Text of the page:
As punit said, and as the documentation says, the result is undefined. Actually it uses binary search algorithm i.e. breaking the array into half and then matching the element, so it will first match pen with the middle element i.e. marble in this case. Since it will find pen to be greater than marble, so it will move forward and break the remaining array into half but since there is only one element so it will match pen with the last element i.e. map and will find it even greater than that so it will think that pen must be the last element i.e. 4th element or element at index 3. So it will return - (index + 1) i.e. - (3 + 1) i.e. -4...
Abhi vijay wrote:Thanks, But I know how to calculate insertion point when comparator is used. But didnt know how it is done without comparator. I think Ankit has explained it.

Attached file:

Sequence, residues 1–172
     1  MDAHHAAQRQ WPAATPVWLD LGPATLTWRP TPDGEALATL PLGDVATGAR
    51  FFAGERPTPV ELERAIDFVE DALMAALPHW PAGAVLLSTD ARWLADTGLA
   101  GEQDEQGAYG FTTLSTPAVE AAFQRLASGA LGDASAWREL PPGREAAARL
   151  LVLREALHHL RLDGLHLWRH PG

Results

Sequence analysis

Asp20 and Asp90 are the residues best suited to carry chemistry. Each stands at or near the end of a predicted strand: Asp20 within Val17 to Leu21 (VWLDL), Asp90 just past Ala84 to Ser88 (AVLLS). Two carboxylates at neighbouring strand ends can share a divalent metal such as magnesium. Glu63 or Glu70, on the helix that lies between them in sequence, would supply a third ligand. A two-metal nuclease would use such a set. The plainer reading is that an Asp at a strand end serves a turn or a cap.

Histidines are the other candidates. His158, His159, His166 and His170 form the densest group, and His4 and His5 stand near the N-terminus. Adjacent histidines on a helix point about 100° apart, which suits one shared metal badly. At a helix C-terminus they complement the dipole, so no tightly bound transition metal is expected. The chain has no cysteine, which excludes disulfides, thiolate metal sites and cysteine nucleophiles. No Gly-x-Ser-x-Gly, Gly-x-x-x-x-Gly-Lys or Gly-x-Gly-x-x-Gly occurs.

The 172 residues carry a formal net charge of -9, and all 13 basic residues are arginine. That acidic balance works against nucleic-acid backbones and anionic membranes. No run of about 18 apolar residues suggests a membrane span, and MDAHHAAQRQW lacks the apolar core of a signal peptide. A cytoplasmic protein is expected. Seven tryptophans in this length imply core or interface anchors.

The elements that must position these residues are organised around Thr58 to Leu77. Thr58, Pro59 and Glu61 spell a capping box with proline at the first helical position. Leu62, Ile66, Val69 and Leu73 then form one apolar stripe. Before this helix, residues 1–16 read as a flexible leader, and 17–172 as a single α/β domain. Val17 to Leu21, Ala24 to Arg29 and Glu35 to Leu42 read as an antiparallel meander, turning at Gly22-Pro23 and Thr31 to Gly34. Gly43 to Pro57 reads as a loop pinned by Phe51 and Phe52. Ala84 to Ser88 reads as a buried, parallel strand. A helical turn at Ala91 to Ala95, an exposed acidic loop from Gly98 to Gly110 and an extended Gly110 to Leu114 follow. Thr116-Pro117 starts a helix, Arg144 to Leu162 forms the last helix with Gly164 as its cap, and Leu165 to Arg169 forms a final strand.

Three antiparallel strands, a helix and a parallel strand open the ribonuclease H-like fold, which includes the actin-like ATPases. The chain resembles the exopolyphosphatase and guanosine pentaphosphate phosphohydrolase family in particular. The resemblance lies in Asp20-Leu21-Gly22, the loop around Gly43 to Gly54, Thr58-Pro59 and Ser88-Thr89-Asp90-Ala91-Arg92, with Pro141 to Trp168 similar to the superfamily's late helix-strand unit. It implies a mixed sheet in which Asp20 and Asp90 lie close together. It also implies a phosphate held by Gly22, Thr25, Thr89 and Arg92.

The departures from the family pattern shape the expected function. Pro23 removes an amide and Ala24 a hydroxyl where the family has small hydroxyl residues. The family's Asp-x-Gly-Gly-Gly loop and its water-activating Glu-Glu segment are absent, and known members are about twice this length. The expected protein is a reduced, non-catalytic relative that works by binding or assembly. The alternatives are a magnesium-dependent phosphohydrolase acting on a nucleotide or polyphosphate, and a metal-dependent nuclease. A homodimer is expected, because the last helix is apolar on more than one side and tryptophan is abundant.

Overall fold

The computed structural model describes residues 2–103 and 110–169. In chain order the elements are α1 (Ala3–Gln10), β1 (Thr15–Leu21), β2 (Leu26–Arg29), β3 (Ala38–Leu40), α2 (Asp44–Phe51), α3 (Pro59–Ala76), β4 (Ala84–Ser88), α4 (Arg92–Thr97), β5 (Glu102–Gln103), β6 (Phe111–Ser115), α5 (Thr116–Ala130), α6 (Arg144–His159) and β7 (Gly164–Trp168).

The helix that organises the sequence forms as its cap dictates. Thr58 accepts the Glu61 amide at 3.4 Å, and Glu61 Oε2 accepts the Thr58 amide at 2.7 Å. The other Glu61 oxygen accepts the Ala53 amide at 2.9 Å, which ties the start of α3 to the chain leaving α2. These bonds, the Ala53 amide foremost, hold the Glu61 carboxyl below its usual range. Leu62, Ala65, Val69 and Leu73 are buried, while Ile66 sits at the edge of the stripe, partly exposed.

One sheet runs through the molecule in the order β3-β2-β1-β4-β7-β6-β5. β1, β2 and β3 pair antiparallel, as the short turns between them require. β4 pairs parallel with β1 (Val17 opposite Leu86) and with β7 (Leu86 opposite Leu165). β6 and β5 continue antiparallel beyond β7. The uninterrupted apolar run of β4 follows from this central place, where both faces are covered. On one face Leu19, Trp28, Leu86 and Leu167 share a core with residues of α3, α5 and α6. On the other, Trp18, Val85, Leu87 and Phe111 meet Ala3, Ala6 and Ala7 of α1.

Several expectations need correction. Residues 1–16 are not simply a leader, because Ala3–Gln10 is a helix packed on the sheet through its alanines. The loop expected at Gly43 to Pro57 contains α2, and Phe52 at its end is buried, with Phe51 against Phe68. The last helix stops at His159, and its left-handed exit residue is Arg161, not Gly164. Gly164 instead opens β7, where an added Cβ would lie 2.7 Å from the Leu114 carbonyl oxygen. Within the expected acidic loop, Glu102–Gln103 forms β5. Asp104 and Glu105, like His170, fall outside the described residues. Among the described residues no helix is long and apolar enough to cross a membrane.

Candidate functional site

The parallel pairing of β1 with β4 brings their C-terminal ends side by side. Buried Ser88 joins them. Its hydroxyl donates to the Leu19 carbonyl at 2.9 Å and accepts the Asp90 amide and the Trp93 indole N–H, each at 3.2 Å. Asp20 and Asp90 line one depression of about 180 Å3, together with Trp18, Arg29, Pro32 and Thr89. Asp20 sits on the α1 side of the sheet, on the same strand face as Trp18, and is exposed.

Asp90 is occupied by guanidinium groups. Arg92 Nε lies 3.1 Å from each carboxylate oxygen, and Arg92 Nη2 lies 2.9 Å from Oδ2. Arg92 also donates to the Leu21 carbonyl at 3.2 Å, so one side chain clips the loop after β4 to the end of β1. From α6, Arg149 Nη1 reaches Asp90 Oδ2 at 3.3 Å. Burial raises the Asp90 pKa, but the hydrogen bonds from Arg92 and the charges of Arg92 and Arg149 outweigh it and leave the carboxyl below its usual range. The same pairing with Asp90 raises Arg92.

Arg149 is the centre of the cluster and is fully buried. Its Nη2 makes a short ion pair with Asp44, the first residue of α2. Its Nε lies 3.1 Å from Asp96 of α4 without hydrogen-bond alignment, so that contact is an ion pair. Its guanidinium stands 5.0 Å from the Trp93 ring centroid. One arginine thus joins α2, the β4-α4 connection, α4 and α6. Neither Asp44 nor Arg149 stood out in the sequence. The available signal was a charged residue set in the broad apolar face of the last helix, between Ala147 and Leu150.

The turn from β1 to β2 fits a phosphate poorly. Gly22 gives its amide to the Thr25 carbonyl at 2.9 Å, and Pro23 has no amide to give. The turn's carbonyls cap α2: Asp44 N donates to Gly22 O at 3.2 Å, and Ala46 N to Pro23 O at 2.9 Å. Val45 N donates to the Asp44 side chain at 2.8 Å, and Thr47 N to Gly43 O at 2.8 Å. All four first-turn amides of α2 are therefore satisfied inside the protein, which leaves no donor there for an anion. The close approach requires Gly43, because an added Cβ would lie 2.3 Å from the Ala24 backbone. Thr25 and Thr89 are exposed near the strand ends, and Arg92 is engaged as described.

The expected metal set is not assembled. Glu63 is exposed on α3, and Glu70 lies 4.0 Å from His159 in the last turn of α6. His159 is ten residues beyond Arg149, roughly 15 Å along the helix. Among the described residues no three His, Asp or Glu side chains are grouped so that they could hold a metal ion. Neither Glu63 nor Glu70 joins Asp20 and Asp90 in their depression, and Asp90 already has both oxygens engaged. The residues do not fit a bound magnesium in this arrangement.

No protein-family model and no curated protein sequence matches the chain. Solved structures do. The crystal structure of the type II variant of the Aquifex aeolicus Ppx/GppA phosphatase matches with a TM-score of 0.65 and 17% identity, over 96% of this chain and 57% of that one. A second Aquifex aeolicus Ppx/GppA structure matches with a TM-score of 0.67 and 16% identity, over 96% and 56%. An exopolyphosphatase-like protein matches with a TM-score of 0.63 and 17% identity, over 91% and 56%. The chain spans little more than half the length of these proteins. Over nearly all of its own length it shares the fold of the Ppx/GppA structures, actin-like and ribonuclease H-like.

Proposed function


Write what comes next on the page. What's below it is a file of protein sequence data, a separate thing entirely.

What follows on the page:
It is not about comparator. I just explained the binary search algorithm here and how in this case it will lead to wrong result since we didn't use the comparator while searching . The binary search algorithm is the same whether you use comparator or not...
This is from KB book page 558
When solving searching and sorting questions, two big gotchas are:
1. Searching an array or collection that hasn’t been sorted.
2. Using a Comparator in either the sort or the search,
but not both
I don't understand the second point, why we can't use a comparator for sorting and searing.
Second point is saying, if you sort a list using Comparator, then you must search that list using Comparator by passing Comparator as third argument to binarySearch(), otherwise result will be undefined.
then you must use new MyComparator() is searching also,
Otherwise you will get answer undefined. It may happen MyComparator sorted data in reverse order, and you did not pass MyComparator in binarySearch, then binarySearch will search data in natural order instead of reverse order and you will get undefined result.